6 May 2007
Ambivalence about competition has been a theme in my life since childhood. On the one hand, I feel driven to excel, and to seek recognition for my achievements; on the other hand, I don’t want to vanquish anyone or defeat anyone, and success achieved at another’s expense feels worse than hollow. I don’t pretend that this conflict has been resolved, but here are two directions that have helped me toward a resolution.
First, I have sought to separate my accomplishments from recognition and acclaim that accompanies accomplishment. I seek significant impact in areas where few others are working, and welcome the successes of others in these areas as contributions to a common goal. Renouncing the quest for recognition is an ongoing personal agenda.
Second, I have channeled some of my achievement energy into personal growth pursuits, where rewards are direct, where no prizes are offered, and where no one is disadvantaged by my success.
– Josh Mitteldorf
5 May 2007
Tucked away between a mound and the creek, in one of the least-traveled corners of Philadelphia’s Fairmount Park, the better part of a mile from the nearest road access, Kevin has built three stone terraces and a fireplace, all connected by stone steps and paths. The work is done stone-upon-stone without mortar, in the style of an Italian craftsman from another era. Some of the rocks seem much too big for one person to carry.
This was the loving architecture and craftsmanship of several years, a project Kevin and his friends began after college, in a region of the park they knew well because they used to play there as children.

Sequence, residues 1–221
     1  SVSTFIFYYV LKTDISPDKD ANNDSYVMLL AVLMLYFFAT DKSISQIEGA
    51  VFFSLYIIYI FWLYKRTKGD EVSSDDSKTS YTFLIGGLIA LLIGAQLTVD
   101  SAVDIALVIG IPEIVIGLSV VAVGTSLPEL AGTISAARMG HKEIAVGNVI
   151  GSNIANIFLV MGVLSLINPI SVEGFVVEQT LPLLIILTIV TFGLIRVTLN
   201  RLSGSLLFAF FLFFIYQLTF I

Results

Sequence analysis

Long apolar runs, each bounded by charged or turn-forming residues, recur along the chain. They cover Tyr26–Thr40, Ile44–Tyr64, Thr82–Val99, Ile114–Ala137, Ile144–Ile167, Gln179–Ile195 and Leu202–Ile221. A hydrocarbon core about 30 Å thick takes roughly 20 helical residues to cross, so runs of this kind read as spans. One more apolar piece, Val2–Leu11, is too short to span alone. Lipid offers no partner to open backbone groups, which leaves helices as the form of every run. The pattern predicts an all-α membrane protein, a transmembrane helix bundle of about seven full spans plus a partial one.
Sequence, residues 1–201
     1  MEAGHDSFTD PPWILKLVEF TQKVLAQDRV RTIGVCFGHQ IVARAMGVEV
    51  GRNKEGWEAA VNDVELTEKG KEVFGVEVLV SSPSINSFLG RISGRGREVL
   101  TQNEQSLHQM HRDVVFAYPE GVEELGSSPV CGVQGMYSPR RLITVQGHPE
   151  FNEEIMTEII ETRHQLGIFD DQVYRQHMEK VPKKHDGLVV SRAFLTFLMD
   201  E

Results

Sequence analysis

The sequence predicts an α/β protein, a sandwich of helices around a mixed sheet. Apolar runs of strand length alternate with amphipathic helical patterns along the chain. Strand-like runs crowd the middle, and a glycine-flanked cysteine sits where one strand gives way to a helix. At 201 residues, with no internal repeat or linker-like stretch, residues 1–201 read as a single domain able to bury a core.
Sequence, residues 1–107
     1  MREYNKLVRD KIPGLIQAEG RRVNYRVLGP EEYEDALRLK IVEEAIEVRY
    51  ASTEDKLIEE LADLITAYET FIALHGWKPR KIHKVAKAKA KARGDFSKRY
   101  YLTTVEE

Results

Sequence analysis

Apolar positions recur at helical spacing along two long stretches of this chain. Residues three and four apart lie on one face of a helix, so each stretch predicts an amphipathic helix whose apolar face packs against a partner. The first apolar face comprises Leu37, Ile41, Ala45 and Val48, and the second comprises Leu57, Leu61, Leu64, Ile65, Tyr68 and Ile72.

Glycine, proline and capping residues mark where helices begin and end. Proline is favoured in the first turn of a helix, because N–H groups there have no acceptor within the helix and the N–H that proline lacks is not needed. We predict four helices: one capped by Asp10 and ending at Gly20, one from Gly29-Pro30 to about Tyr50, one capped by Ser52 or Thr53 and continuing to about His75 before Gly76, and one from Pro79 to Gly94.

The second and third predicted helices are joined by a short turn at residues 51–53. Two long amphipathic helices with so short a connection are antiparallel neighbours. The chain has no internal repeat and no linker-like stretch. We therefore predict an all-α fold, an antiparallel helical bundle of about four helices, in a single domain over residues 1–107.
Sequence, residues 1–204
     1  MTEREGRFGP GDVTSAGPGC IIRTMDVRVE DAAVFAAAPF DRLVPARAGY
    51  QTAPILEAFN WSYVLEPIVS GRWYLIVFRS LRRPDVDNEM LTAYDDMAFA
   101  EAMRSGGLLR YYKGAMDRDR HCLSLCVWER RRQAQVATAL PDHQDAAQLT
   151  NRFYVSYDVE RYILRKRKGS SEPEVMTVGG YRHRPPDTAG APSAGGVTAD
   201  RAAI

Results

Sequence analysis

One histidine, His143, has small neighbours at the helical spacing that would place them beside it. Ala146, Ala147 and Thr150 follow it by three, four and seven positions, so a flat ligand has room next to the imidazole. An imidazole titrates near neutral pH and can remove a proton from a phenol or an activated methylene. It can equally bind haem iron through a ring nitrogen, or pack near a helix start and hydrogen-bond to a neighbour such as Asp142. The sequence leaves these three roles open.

It’s a thing of beauty, built into the landscape as naturally as any Frank Lloyd Wright creation.
They could have built it on
private land. They could have
sought money for their time and their skills.
Instead, they chose to create a gift to the users of the park,
delighting park walkers like me who stumble upon it.
It is a private, anonymous act of community service, for which the
authors ask nothing in return, not even acknowledgment.
4 May 2007
William James was the father of scientific psychology. A generation before Freud and more down to earth, he was a keen observer, an eloquent author, and a dogged advocate for empirical approaches to studying human behavior.
He was also convinced of the reality of telepathic communication, convinced by his own personal experience with subjects under trance and by many reports that he collected and helped to document under the auspices of the Society for Psychical Research, the American arm of which he helped to found.
James also came to realize that psychic phenomena follow their own rules – that they are not reliably predictable or reproducible, and must be studied in a way that combines anecdotal evidence with statistics.
And Freud? He discovered similar evidence for anomalous communication, and documented evidence of people hearing voices and seeing apparitions at just the moment when their loved ones were in peril far away. But Freud was conscious of his place in history, and knew that it would be difficult enough for him to convince the scientific community to accept a psychology based on the unconscious without him having to carry an extra burden of scientific suspicion. He corresponded privately with contemporary advocates for psychical research, but publicly helped to establish the (still dominant!) position that ‘thought transference’ (Freud’s term) was not a legitimate subject for scientific inquiry. Late in life, he wrote